• Granting priority to freight vehicles in the period of peak traffic in selected areas, ie.: an access to the Gdynia's seaport (e.g. arrival of ferries, or directly following loading of a greater number of vehicles) to quickly restore normal traffic conditions,

• Inclusion of the delivery fleet in the system will generate data (trip time along particular street sections), supply the system with more data collected along the route not only in fixed measuring stations, elevate indication accuracy and result in more effective traffic control

• Installation of meteorological sensors in vehicles and feeding their readouts to the TRISTAR system would provide information on weather conditions and related hazards not only locally but in the entire network used by delivery vehicles. Implementation of such modules is projected. Winter maintenance service vehicles are projected as the first in the pipeline

• There is an option to further develop the system to direct vehicles to free parking slots for freight vehicles in buffer parking lots on city outskirts and even provide information about single free parking slots for freight vehicles e.g. parking by the curb. Such measures would reduce arduousness in vehicle and pedestrian traffic

caused by freight vehicles parked in places forbidden, and ease traffic congestions caused by drivers searching for a free parking space

• Including delivery vehicles in TSMS (incident detection) to acquire more data and facilitate incident detection, improve the safety standard for all drivers and to reduce time required to restore regular traffic conditions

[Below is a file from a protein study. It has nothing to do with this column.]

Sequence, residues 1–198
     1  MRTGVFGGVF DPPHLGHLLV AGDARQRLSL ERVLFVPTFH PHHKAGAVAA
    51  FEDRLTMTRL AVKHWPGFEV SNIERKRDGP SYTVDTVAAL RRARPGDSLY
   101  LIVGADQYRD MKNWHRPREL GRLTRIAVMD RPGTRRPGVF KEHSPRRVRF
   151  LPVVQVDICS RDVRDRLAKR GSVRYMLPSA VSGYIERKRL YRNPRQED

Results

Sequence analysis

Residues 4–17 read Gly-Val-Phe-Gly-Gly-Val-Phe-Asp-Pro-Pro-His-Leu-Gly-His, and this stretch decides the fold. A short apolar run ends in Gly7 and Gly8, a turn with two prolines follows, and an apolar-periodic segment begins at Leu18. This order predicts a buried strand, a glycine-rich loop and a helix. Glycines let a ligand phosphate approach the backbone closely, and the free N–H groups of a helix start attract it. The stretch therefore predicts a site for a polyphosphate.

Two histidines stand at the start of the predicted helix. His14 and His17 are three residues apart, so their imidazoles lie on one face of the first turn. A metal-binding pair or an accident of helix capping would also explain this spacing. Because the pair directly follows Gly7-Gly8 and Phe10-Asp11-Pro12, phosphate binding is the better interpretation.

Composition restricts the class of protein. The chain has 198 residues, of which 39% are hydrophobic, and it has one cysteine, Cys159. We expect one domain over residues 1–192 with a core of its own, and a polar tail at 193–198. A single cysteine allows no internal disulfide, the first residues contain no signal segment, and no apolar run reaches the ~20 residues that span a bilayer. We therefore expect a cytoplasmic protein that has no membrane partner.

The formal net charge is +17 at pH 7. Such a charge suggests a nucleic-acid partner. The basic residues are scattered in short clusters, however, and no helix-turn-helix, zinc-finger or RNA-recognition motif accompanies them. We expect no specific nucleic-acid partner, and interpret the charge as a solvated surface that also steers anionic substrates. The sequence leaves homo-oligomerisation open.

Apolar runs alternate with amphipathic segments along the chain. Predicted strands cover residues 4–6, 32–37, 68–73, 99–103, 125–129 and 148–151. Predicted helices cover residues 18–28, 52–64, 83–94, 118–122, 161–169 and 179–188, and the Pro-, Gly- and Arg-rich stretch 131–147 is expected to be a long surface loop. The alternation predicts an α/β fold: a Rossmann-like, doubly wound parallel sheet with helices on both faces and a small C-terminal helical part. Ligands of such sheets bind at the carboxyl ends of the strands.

The aforementioned applications based on the TRISTAR system are characterised by different level of technology requirements and complexity, defining possibility of their implementation. Dynamic vehicle routing with real time information and scheduling and parking guidance system for freight vehicles are potentially the most rational measures in terms of required time and effort. In technical terms their implementation would be an expansion of existing capabilities of the traffic management system. However, there are obvious requirements, such as identification of the most appropriate data sharing system and verification of influence of parking facilities on a surrounding area and traffic conditions. The same applies to the priorities to freight vehicles on selected parts of the city's road network. Such priorities can be applied as a predefined traffic organisation programme, similar to solutions prepared in advance for a city-wide cultural events or similar situations. The main area of this type of intervention would be an access route to the port in Gdynia, heavily congested with the long distance traffic. This measure has a considerable implementation potential because is based on existing data about traffic and can be supplemented with other ITS/ICT solutions, such as variable message signs.

Other solutions are more complex and reach beyond current state of art, but are worth to consider because the traffic management system is based on the constant evolution principle. This refers to a concept of the vehicle-to-infrastructure applications. This technology is a subject to intensive research as potentially beneficial to the safety and efficiency in road traffic management. Potential benefits from gathering the data from vehicle's on-board communication devices with smart road infrastructure are, among others: prior recognition of potential traffic jam, dynamic traffic and traffic light control. However, this technology requires provision of advanced systems both in vehicles and infrastructure, making V2I a complex cahllenge.